The City of Puyallup teamed with Bergman and her students on an applied project to reimagine the city’s economy. “They were interested in finding out how they could diversify so that they’re in a better position the next time something like a pandemic happens,” said Bergman. Students looked at sales tax data in the city to identify potential trends. “Let’s say you have 10 years of steady sales tax revenue from a particular type of business,” she said. “Okay, let’s say the sales tax revenue starts to dip; then you’d want to figure out why that is and then have to make a decision to about what to do. Do you try and revive the industry or do you try and attract some other kind of business?”
Bergman’s students presented their findings to city officials. “The Washington State Fair is a big source of revenue for the City of Puyallup but students found other little spikes throughout the year in different sectors that city officials were excited to learn about,” said Bergman. “I think they see those sectors as potential growth opportunities.” The City has since put in an application for another applied project starting in the fall of 2021.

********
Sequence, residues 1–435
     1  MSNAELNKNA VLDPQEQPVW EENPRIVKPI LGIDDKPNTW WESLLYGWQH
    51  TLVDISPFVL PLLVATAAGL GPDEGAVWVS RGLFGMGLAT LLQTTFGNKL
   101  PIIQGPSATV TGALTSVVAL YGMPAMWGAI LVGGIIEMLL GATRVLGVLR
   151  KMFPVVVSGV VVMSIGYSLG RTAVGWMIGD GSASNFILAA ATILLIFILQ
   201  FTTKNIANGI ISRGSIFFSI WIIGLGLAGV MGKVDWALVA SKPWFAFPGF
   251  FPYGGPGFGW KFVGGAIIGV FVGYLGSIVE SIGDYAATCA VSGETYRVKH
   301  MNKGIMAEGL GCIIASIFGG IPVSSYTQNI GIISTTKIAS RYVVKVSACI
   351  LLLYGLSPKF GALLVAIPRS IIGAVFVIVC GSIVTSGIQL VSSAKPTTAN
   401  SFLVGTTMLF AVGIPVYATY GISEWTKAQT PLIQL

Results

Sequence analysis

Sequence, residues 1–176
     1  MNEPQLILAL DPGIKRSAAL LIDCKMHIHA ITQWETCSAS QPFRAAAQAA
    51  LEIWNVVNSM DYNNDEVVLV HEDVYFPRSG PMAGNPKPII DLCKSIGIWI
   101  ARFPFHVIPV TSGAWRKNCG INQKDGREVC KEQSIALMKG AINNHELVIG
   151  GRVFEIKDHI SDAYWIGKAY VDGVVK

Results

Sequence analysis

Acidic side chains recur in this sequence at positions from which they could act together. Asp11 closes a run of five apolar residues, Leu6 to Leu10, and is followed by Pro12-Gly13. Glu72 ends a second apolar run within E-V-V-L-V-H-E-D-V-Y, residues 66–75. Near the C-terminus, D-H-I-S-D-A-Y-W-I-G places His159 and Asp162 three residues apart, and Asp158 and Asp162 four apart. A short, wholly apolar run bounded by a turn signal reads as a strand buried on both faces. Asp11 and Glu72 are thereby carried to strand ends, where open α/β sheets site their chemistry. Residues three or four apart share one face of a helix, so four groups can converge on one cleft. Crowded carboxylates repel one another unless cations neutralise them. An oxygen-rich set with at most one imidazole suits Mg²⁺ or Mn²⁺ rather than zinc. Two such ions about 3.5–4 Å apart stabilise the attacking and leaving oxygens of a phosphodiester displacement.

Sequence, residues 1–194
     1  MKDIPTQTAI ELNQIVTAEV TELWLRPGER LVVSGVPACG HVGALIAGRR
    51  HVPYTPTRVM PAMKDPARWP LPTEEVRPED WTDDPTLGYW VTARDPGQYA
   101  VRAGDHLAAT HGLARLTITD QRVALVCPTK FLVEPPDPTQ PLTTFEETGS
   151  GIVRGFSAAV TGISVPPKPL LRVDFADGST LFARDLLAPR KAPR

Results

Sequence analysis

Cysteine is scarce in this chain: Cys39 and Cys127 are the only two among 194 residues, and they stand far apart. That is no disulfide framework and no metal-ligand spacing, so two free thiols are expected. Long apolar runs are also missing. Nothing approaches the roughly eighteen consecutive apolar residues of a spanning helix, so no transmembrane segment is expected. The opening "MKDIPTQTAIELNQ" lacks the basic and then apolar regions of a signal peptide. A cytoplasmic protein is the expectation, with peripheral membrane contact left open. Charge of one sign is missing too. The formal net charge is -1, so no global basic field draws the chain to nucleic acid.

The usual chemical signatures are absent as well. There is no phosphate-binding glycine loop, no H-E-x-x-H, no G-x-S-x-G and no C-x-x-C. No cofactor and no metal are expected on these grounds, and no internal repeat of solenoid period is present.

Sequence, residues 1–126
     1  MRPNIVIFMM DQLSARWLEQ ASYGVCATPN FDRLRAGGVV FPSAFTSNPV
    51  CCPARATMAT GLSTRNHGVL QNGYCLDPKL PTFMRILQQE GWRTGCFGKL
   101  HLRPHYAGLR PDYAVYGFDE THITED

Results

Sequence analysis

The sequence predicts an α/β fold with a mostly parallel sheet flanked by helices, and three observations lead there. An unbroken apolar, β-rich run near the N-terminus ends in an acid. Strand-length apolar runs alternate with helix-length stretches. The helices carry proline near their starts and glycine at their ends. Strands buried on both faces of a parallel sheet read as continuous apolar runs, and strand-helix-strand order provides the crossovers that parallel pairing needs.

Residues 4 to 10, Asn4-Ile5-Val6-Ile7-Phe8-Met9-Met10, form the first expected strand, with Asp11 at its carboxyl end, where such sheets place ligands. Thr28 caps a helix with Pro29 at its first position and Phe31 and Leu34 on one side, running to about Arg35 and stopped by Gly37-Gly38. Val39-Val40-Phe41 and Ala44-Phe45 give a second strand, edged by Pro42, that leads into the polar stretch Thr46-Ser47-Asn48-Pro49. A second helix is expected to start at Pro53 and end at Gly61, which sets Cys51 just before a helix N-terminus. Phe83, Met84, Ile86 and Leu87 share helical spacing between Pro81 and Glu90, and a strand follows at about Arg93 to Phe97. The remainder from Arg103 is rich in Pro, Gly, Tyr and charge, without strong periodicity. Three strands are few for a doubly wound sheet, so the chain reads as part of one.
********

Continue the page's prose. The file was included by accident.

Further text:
Bergman’s path has been circuitous but the destination has never been in doubt. If there’s knowledge to be had, that’s where you’ll find her. For some, learning is a thing to be done begrudgingly. Others may see education as a natural consequence of the human experience, something that happens but isn’t necessarily intriguing. Some get excited about a few things and throw themselves in, soaking up every ounce of knowledge about a particular subject. One gets the sense that Bergman doesn’t fit into these categories. In our conversation, she described herself as an open book. The phrase "open book" is meant to convey that someone is willing to talk about their life. Sharing one's experiences takes a fair amount of courage; you never know how people will react. The act of sharing is really just another form of teaching. Open books are meant to be read, the wisdom inside passing from person to person. Bergman's stories, the encyclopedia that is her life, are more than just stories — they're lessons. And what else should we expect from who loves school as much as Bergman does.